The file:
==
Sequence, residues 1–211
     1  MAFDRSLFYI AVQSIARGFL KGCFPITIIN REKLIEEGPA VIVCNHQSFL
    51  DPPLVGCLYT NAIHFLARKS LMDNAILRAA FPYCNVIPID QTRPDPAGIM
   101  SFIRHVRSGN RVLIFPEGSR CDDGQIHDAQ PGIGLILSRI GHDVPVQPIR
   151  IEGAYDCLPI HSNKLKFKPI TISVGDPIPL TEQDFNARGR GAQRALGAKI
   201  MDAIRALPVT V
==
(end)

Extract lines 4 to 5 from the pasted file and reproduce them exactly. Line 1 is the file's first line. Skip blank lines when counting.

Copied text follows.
   101  SFIRHVRSGN RVLIFPEGSR CDDGQIHDAQ PGIGLILSRI GHDVPVQPIR
   151  IEGAYDCLPI HSNKLKFKPI TISVGDPIPL TEQDFNARGR GAQRALGAKI